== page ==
The tirade of SBAS and other RSS progeny against differing versions of Hinduism, and iconography is a part of its political agenda. It harps on the Brahamanical version of Hinduism bypassing and undermining the other Hindu traditions, Nath, Tantra, Bhakti, Shaiva, Siddha etc. The construction of RSS brand of Hinduism is a part of its Hindutva project, which took place during colonial period. Hindutva is the political ideology of this supra political organization, RSS. Hindutva picks up its version of Hinduism from the elaboration of European Orientalist interpretation of Hindu traditions. Orientalist scholars were in tune with the monotheistic worldview and that was reflected in their reading of Hinduism. In their rendering Hinduism got straight jacketed into monotheistic, monistic one and this puritan monolithic notion of Hinduism came to be presented as the Hinduism. The Colonial powers’ monotheistic worldview could not fathom the diverse richness of Hinduism’s philosophical, spiritual, religious and aesthetic expressions. Their understanding of religion revolves around a single Prophet. Hinduism as a religion as such is a conglomeration of multiple traditions which were prevalent here. Brahmanism was just one of them. During the colonial period by selectively projecting Brahmanical texts and values as Hinduism, the Orientalist scholars and British rulers gave legitimacy to caste and gender based Brahiminical tendency as ‘The Hinduism’. Brahmanism started becoming projected as the Hinduism. It is due to this that Ambedkar went on to say that ‘Hinduism is Brahmanic theology’. He was criticizing the social inequality prevalent in the name of Hinduism. Opposed to Brahmanical stream was the Shramnanic traditions of Hinduism, which by that time were out of the horizon of scholarship of Westerners and the British policy makers. In due course the declining sections of Hindu Landlords and upper caste resorted to the politics of Hindutva, which in the name of glorious Hindu traditions wanted to uphold the status quo of caste and gender, wanted to retain its hegemony in social and economic sphere. The freedom movement and its leader Gandhi’s Hinduism was away from this Brahmanical-Hindutva stream. It was more in continuation with liberal Hindu belonging to Shramanic tradition. It is the Hinduism with which the large sections of Hindus could identify.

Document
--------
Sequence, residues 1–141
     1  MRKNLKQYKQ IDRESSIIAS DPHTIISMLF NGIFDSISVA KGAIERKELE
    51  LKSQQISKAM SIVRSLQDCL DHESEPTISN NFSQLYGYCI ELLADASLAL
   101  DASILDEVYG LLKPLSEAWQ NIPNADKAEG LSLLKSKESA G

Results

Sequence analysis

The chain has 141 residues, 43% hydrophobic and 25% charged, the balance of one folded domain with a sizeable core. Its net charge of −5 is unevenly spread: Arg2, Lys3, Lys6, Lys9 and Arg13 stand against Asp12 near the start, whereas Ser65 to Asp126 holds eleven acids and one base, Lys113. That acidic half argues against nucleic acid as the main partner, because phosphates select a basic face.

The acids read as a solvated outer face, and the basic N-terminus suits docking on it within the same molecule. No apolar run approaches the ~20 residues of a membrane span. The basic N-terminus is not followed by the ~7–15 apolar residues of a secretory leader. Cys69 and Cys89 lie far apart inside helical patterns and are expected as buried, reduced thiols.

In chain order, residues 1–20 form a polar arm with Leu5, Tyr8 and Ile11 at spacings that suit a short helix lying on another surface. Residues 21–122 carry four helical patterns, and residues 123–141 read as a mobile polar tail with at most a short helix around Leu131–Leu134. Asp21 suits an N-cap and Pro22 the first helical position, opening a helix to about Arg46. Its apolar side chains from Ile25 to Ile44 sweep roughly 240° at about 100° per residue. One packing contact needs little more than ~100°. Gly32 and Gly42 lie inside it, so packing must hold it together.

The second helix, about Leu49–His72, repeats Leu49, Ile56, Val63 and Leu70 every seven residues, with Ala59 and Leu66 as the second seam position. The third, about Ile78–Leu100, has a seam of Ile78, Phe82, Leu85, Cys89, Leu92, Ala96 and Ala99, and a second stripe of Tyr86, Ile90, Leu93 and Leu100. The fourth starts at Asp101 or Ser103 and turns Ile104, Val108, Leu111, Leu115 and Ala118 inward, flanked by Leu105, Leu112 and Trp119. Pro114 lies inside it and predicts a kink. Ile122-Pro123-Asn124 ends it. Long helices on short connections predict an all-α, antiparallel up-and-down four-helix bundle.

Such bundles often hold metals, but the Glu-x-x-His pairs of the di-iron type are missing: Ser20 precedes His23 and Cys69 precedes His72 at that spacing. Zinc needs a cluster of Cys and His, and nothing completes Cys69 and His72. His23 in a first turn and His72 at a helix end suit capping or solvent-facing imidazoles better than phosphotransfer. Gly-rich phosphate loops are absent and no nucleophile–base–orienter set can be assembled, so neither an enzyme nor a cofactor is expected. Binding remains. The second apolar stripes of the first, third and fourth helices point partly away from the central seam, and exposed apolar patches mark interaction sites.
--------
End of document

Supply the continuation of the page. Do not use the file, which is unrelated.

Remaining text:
Hindu Mahasabha and RSS brand of Hindutva was a marginal phenomenon as it was elite Brahamnical and harped on the values which were at deeper level undermining the status and dignity of women and dalits. That’s how RSS and the elite supporting them kept aloof from the social changes of caste and gender during this period, and stuck to their agenda of Hindu nation based on their own sectarian interpretation of Hinduism. The RSS, in pursuance of its agenda floated SBAS, which was the one which was instrumental in communalization of the history text books during the NDA regime, led by BJP-Atal Bihari Vajpayee. The same organization is the one which is at the back of the multitude of educational endeavors and promotes the divisive-sectarian history through many Sarswati Shishu Mandirs, Ekal Vidyalayas amongst others. So, for them Doniger’s book is a red rag as it talks of rich diverse traditions of the people and is not prude enough to suppress the narrations related to sex. Doniger talks of liberal Hinduism while RSS wants sectarian Hindutva imposed on the society. The struggle between liberal Hinduism and sectarian Hindutva is in full flow around the debate on this book.